Hartford, CT  $   72,559      8  $   81,839    10  $   47,328    13  $   83,141    18  $ 42,200    40
Houston, TX  $   61,708    25  $   82,015      9  $   47,588    12  $   85,527    16  $ 46,488    29
Indianapolis. IN  $   56,750    37  $   63,826    41  $   32,696    44  $   64,404    45  $ 35,941    51
Jacksonville, FL  $   56,840    36  $   62,373    42  $   41,007    26  $   63,473    46  $ 54,447      8
Kansas City, MO-KS  $   61,385    26  $   67,607    29  $   36,575    38  $   68,609    41  $ 45,672    33
Las Vegas, NV  $   54,384    44  $   61,833    44  $   37,410    32  $   65,423    44  $ 45,831    32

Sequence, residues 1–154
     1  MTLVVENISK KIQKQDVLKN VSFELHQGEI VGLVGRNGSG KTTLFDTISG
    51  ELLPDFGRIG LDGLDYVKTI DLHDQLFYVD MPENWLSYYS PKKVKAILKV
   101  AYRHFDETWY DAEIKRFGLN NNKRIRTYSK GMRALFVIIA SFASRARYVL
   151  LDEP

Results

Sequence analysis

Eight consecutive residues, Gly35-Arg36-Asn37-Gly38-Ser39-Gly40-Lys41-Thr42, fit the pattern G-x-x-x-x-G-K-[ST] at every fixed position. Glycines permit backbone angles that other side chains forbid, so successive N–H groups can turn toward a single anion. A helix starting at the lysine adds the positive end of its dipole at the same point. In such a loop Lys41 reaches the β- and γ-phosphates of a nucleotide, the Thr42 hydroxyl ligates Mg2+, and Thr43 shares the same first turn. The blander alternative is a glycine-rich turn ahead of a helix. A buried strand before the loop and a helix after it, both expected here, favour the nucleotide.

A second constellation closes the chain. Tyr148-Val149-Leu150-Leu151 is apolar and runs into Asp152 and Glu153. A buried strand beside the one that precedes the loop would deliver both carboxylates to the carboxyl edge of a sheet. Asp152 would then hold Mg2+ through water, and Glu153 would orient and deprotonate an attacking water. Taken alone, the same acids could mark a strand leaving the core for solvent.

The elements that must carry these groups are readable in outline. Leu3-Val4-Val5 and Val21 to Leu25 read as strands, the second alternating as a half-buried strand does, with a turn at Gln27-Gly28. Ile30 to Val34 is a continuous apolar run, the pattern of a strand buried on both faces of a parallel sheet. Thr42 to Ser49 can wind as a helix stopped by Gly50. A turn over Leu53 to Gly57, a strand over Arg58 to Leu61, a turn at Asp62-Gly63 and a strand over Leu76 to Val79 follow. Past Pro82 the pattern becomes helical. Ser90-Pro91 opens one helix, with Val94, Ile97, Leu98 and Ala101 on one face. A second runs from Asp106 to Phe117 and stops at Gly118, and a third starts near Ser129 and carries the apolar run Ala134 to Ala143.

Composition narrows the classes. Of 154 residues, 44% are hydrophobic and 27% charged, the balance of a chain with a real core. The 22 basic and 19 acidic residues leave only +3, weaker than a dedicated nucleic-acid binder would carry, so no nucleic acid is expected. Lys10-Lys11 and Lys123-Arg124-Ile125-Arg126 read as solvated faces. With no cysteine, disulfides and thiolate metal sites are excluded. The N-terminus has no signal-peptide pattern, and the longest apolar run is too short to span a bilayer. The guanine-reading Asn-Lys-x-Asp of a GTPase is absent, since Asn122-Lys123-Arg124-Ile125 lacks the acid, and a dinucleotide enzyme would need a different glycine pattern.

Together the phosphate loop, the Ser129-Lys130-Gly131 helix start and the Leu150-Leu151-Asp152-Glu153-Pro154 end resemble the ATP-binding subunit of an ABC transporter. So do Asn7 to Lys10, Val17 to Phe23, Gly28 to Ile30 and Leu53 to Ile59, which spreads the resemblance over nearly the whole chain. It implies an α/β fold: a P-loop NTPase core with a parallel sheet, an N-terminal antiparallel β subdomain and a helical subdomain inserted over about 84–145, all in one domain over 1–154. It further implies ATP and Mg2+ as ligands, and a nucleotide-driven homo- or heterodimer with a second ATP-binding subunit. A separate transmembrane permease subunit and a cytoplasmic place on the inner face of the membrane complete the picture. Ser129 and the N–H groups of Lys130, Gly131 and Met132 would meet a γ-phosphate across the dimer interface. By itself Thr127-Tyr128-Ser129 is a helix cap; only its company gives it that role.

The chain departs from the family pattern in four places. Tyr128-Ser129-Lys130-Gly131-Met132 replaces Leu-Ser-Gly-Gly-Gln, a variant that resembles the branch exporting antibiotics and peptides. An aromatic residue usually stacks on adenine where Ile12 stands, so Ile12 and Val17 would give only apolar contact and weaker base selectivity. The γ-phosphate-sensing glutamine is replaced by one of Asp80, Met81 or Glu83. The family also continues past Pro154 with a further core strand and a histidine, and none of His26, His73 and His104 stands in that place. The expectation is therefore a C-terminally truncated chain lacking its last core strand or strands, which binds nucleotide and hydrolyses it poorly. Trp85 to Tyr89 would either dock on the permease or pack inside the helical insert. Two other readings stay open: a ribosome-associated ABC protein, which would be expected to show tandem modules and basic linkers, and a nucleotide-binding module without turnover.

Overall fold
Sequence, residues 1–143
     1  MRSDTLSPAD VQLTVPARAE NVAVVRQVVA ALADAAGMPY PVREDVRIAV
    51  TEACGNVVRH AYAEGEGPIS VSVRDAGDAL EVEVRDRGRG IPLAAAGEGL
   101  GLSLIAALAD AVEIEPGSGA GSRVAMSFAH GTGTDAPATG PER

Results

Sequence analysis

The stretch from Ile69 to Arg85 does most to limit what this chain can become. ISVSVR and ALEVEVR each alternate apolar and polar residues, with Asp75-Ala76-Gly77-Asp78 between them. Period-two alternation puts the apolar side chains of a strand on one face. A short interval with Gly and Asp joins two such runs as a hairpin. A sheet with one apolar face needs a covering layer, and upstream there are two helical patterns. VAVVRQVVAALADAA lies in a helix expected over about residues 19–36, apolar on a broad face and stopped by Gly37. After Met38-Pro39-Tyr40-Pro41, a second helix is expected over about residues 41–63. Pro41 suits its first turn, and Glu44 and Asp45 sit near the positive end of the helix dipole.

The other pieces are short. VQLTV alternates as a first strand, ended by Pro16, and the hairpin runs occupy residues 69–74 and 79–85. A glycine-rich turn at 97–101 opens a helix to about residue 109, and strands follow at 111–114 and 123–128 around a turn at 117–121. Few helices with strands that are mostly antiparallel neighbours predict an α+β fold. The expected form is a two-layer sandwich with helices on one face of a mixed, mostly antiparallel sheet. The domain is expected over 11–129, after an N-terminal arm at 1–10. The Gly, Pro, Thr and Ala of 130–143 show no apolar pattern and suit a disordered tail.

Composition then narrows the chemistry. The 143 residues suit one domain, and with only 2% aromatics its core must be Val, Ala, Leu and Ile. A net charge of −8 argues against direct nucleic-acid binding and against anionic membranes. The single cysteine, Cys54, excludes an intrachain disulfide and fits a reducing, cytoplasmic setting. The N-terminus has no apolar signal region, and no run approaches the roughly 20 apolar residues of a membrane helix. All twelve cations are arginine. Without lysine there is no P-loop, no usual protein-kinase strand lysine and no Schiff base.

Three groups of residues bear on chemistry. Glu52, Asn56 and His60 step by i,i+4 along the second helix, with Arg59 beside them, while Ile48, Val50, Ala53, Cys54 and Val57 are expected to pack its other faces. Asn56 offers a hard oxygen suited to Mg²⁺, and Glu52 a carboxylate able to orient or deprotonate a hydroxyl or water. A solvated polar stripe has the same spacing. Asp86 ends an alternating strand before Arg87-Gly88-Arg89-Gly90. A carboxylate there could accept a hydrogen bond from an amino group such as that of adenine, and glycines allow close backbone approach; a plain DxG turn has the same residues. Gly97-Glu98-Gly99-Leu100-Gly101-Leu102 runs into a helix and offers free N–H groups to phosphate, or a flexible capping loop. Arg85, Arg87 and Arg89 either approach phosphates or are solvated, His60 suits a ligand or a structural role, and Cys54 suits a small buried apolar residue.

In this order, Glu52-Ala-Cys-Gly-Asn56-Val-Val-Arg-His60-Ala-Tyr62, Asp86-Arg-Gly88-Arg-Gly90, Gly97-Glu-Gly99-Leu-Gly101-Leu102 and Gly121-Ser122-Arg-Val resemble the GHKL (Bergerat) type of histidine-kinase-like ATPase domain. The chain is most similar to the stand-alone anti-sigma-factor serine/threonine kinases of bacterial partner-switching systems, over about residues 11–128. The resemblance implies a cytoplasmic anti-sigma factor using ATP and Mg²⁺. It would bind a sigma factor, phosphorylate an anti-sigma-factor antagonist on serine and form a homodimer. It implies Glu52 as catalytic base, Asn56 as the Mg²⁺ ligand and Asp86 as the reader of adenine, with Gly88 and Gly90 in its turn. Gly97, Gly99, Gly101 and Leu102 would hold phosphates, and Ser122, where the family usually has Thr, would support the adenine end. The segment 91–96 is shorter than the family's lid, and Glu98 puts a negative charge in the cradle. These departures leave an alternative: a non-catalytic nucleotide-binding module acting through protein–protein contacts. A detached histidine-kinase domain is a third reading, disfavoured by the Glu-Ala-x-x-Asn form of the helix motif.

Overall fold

Los Angeles, CA  $   65,950    18  $   84,075      7  $   45,469    19  $   75,879    27  $ 52,076    13
Louisville, KY-IN  $   54,546    43  $   60,235    50  $   33,287    43  $   65,867    43  $ 41,628    45
Memphis, TN-MS-AR  $   49,809    51  $   67,781    27  $   35,542    39  $   72,892    33  $ 42,244    39
Miami, FL  $   51,362    49  $   65,176    35  $   40,239    29  $   69,547    39  $ 45,938    30
Milwaukee,WI  $   58,029    35  $   68,540    26  $   28,942    51  $   82,121    21  $ 39,389    48
Minneapolis-St. Paul, MN-WI  $   73,231      7  $   78,864    18  $   34,720    40  $   73,010    32  $ 51,122    18
Nashville, TN  $   60,030    30  $   65,441    33  $   41,374    25  $   71,900    35  $ 44,503    34
New Orleans. LA  $   48,804    52  $   64,152    39  $   29,296    50  $   46,860    51  $ 37,463    49
New York, NY-NJ-PA  $   71,897    10  $   91,454      4  $   49,488      7  $   83,063    19  $ 47,266    25
Oklahoma City, OK  $   55,065    42  $   61,536    46  $   31,344    47  $   59,865    48  $ 41,657    44